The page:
IT'S NOT OFTEN that the title of a DVD box set has the potential to annoy the very people it's meant for, but calling something "Deadwood: The Complete Series" might sprinkle salt into a wound that for some fans remains all too fresh.

It's been more than two years since HBO and "Deadwood" creator David Milch reached the perhaps not-quite-mutual decision that there would be only three seasons, not the expected four, of Milch's 1870s masterpiece.

It's been not quite so long since the parties finally admitted that those "Deadwood" movies they'd talked about doing in lieu of a fourth year were dead, as Wild Bill Hickok (Keith Carradine) had been long before the end of Season 1.

But whether or not you believe we got the whole story, "Deadwood: The Complete Series" ($179.99/HBO Home Entertainment, discounted on to $104.99) goes on sale today.

What's more, it's being released on the same day as "The Wire: The Complete Series" ($249.99/HBO Home Entertainment, discounted to $134.99 on, another HBO classic and one that ran for the full five seasons that its creator, David Simon, envisioned.

Along with last month's release of "The Sopranos: The Complete Series" ($399.98/HBO Home Entertainment, discounted to $199.49 on, from that other HBO David, David Chase, we're talking a discerning couch-potato's wish list that could break the bank (or sink Santa's sleigh) while pretty much guaranteeing that the recipient wouldn't be up for air till spring at the earliest.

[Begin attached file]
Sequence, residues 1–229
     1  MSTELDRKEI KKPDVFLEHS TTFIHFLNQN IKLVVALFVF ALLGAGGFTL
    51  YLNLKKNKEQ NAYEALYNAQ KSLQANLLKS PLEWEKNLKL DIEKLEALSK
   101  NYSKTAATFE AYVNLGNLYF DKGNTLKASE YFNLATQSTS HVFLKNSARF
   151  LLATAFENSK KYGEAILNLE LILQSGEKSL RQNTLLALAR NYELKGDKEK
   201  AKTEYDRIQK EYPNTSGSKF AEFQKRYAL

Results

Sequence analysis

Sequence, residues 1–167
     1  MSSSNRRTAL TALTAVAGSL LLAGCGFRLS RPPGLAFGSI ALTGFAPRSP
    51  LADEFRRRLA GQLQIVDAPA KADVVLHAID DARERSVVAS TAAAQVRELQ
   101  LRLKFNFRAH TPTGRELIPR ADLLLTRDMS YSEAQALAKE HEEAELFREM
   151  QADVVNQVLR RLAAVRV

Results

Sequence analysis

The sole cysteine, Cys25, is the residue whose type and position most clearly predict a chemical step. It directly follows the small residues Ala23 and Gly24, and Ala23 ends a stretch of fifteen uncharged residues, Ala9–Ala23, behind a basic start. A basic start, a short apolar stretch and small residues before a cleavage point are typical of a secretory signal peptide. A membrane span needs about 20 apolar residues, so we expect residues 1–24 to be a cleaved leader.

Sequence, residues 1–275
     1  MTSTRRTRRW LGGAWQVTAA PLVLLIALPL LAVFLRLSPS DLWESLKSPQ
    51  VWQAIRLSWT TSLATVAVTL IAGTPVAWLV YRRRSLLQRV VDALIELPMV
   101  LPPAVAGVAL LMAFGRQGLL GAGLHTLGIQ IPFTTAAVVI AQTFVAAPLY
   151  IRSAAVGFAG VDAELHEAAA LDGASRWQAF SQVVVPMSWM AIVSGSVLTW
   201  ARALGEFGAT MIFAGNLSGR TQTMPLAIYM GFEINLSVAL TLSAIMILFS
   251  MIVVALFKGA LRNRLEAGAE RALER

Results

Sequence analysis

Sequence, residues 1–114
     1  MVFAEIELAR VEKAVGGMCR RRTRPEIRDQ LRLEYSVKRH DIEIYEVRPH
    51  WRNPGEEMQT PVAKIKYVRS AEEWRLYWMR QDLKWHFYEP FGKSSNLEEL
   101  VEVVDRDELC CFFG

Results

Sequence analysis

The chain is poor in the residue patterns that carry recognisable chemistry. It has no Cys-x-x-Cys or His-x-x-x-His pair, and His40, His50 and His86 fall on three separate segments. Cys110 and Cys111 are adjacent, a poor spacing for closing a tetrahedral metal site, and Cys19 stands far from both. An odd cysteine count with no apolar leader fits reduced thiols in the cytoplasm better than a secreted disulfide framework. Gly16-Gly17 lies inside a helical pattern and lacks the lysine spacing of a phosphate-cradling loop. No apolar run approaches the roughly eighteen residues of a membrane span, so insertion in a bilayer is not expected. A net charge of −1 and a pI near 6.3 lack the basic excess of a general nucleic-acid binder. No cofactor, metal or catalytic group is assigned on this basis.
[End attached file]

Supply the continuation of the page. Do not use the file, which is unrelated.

Some of the extras alone, beginning with "Deadwood" actor Titus Welliver's hilarious rendition of the "Al Swearengen Audition Reel," with Welliver playing every part, are enough to guarantee merriment.

Ratings aside, there may be any number of reasons that two Davids got to see their shows through and the third didn't. All three featured sprawling casts, intricate storylines and people the likes of whom had never been admitted to most of our living rooms before.

All three are among the very best television ever made.

Only one, however, required its crew to raise a small city from the dust, and it's that very expensive "Deadwood" set on Melody Ranch in Newhall, Calif. - where parts of "Gunsmoke" were filmed - that Milch walks through in the DVD extra, "The Meaning of Endings: David Milch on the Conclusion of 'Deadwood.' "

Milch, who once said his look at the infamous mining camp in what wasn't yet South Dakota was meant "to be a poem about how the country got made," is the kind of writer TV critics have spent years trying to describe to their readers.

Not that there's a shorthand that works with a guy who's as comfortable discussing William James as he is his own addictions and who cared enough about how the cops sounded on "NYPD Blue" to fly real New York City police officers to Los Angeles for conversation - even while sprinkling just about every character he's ever written with some of his own intricately braided syntax.

Watch (and listen to) "The Meaning of Endings" and we won't have to explain anything Milchian ever again.

Filmed at a point when Milch still hoped to do some "Deadwood" movies, this, he says, "would be a kind of forecasting of what the future would hold."

Really, though, he's there to address the fans, including, perhaps, those who were saying they'd shun "John from Cincinnati," the show Milch made next for HBO, because it had taken him away from "Deadwood."